Tom’s church tried a unique way of reaching out to their church’s community. We gave each of our members attending a loaf of bread and asked them to give the bread to someone in their neighborhood or community.
Thom S. Rainer
Every dialogue can be either a competition, or a bond of connection with another person.
Without feedback, your growth as a leader is stunted. But what if your boss or leader does not offer feedback? Or not enough of it? Here are three places to find valuable feedback.
We can’t fight all the time; we need time for refreshment and encouragement. The warrior becomes a shepherd through his or her love and affirmation of the sheep.
Trust is such a fragile commodity. It can easily be broken even before it is built. Yet we know trust is the foundation for healthy organizational behavior.
Here are eight of the most common worship leading mistakes that I’ve observed in my own ministry, and through friendships and experiences with lots of other worship leaders too.
Even if we make a mistake, it’s almost never too late to “try again.”
It’s easy to look at our brothers and sisters and see their warts and blemishes. Yet the perfect One, the holy One, the One without a single imperfection doesn’t look on His people the way we often do.
I need to let God change people and even organizations. He is the potter and we are the clay.
We sometimes wish that everybody else in the church was "just like me," but the things that make us different are actually a blessing.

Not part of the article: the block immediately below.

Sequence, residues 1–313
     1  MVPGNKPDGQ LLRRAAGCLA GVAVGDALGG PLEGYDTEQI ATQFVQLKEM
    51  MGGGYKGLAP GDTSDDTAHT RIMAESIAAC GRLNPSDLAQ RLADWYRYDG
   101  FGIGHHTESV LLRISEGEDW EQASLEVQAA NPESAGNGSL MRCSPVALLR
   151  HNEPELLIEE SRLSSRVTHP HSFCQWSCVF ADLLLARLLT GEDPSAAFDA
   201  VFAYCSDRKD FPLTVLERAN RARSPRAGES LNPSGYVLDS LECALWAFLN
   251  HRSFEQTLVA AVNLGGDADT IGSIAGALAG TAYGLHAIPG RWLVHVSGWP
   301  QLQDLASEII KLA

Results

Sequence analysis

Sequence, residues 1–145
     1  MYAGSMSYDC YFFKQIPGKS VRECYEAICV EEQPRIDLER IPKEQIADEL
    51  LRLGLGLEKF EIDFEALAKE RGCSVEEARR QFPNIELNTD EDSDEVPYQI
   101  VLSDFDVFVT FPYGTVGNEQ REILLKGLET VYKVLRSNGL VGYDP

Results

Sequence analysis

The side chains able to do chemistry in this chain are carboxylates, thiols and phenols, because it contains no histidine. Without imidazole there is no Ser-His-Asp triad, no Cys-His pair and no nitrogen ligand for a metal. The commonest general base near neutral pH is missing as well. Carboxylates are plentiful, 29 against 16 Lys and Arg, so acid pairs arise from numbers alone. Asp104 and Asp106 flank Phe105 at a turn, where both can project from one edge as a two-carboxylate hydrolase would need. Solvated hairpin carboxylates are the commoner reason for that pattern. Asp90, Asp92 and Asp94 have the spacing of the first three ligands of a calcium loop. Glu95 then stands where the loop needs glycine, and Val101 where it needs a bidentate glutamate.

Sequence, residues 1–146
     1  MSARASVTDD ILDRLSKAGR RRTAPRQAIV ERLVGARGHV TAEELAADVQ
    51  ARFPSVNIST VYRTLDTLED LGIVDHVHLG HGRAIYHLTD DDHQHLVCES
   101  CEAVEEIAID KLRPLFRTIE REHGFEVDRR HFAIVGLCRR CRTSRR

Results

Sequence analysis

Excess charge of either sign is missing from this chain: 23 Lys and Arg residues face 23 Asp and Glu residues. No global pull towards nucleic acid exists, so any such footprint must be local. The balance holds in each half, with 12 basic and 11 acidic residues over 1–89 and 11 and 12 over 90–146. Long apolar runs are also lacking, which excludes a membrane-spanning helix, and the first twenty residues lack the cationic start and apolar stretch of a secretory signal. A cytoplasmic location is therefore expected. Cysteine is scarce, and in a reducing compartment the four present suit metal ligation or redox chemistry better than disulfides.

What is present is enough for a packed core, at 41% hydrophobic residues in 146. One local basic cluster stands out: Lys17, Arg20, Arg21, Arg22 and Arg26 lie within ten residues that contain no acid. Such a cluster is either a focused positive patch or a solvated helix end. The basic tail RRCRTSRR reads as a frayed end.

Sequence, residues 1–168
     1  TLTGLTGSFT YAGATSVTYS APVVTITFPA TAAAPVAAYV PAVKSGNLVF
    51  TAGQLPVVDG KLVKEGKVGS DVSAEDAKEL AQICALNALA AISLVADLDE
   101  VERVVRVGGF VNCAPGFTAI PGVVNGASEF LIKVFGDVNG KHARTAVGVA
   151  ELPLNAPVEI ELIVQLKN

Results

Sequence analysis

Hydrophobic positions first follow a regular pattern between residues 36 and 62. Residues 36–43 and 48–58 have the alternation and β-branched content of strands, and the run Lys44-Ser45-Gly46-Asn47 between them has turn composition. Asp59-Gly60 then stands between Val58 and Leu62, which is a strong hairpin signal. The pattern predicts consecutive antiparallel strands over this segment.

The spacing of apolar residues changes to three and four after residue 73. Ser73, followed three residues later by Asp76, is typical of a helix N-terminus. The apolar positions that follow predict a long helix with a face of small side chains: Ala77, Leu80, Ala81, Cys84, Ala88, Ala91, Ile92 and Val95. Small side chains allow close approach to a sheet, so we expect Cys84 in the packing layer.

What happens in your organization when something goes wrong? If you are like most, the first question is often, "Whose fault is it?"
What I’ve learned is that there are two modes we get into as leaders ‒ closed and open. I wouldn’t let anything or anybody get in so everything stayed the same.
Christians can, and should, speak to issues that shape the thoughts, actions, and affections of others. Should we see a person, concept, or trend that is destined to destroy others, we’d be sinfully negligent to not speak to the issue. So the question is not “if” we should speak ‒ we should.
Yes, it’s hard to wait for others to change. But if God patiently waits for us to change, we can also wait for others.
I wonder what descriptive words your people use for you. Do their words match your intentions?
How do you see the people God puts in your path?
Worship is not a concert. It’s not karaoke. Worship is not about us. It’s about God. How do we decide which style is right or best? Is it popular opinion? Does the pastor get to decide? How do we resolve this worship war?
There will be times when I share a verse with someone, but most of the time I’m supposed to wait for God to do the changing.
Leaders see it all the time ‒ employees responding poorly to change initiatives. Maybe a new approach is required ‒ one that acknowledges the resisting forces and, in understanding them, reduces their sway.